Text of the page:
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#6 TAHOE OFFLINE  

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Posted March 08, 2015 - 03:03 PM

I have a possible access to a bunch of skids, may do the exact same thing.s I had thought to cut skid in halves or 1/3's and set up right then screw them all together to make my boxes. The wrap insides with roll roofing or roofing paper to help hold dirt in. 


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#7 glgrumpy ONLINE  

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Posted March 08, 2015 - 04:13 PM

I see the blocks and posts on here that look more usable then.  Some posts with bed up high and nothing under might be OK. Must have to have a little open to have water flow down when it rains? But, will the roots and some dirt just keep trying to fall out the cracks on bottom?  OR, is it lined and just has one drain? This type has a better appearance then. The blocks would be good for more permanent isntallation, but might have to lean or step them in some to keep from pushing out when it all settles? Maybe metal fence posts down thru them if that would work?


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#8 TAHOE OFFLINE  

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Posted March 08, 2015 - 04:59 PM

Here is kind of what I want to do. Takes away from plow time though :ah_shoot:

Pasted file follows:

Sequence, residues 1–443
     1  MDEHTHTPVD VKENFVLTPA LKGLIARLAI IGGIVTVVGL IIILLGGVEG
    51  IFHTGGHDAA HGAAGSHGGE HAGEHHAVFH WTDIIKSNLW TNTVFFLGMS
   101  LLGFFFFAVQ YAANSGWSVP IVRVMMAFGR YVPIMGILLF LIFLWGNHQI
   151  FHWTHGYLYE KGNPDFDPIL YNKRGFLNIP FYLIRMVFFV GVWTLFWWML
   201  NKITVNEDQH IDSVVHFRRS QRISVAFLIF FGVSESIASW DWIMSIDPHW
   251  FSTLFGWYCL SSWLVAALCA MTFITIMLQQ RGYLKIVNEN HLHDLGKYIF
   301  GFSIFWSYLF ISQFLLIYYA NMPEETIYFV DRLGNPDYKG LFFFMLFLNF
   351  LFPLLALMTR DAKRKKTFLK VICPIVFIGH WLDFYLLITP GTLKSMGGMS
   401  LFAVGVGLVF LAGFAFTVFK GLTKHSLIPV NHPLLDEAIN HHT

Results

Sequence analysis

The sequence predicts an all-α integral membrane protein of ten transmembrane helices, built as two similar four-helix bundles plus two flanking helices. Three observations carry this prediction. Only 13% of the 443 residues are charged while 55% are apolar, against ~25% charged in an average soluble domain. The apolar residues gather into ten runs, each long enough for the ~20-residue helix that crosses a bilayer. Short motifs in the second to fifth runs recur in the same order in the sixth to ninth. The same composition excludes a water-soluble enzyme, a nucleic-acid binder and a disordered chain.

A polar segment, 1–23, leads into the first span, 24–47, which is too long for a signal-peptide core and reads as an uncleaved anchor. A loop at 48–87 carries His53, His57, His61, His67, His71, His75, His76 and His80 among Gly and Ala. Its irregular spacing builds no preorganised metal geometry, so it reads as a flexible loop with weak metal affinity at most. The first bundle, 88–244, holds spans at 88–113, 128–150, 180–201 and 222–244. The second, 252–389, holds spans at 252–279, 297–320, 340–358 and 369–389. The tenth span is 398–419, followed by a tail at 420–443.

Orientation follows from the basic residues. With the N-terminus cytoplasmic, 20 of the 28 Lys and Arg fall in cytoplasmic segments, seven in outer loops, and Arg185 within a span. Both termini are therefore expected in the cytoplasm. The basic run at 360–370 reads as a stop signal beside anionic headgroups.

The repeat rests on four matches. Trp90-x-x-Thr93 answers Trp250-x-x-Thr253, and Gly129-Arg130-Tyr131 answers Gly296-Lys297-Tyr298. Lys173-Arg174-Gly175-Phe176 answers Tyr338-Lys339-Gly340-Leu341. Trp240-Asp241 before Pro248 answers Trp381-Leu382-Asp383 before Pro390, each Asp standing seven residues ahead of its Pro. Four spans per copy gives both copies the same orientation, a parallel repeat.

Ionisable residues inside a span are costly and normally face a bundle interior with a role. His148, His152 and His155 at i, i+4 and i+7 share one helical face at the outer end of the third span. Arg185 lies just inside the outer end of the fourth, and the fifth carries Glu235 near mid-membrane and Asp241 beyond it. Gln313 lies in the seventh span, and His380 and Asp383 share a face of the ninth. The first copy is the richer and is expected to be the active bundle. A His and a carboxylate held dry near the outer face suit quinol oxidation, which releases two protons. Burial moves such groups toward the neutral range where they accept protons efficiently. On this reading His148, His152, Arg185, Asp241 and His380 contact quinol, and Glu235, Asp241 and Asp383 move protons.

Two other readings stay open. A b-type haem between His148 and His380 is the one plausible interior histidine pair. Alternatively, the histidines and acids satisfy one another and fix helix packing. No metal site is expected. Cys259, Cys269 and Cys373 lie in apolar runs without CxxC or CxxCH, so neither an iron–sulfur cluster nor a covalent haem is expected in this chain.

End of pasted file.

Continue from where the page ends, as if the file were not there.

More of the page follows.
MayGarden6.jpg

 

wood-pallet.jpg

 

 

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#9 oldedeeres ONLINE  

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Posted March 08, 2015 - 05:23 PM

Thanks Tahoe, that is pretty much what I have in mind. I'm just wondering how to anchor the corners so the weight of the dirt doesn't push the frame apart. I have a fishing auger with a dirt bit attachment so I can sink some posts in at the corners and maybe one halfway down each side to keep them in line. With loose pack compost and sitting on dirt I shouldn't have to worry about it getting waterlogged. The rolled roofing is a good idea too to keep the dirt in, as long as it isn't tar or oil impregnated to make it waterproof--- don't know if that would be good for the plants. The idea of using metal rods down through the sides is something that hadn't occurred to me, much easier than putting in posts. Thanks glgrumpy.

#10 Jack ONLINE  

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Posted March 08, 2015 - 06:00 PM

Here is what I did. Even made a system to have it water its self. Worked pretty well. I think I will double its size this year. We didn't really get a lot of food from it but it was fun just working with it.


I guess the term "Raised Bed" doesn't really apply to what I was doing here. I just did mine this way because I had the stuff and if it didn't work out I could just pick the stuff up and move it. Did not have to plow up the yard etc. I guess it really is what you might call a container garden
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#11 Bill 76 ONLINE  

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Posted March 08, 2015 - 06:31 PM

If you don't want to use tar paper find some erosion control fabric or landscape fabric.A good hardware store should sell it by the foot.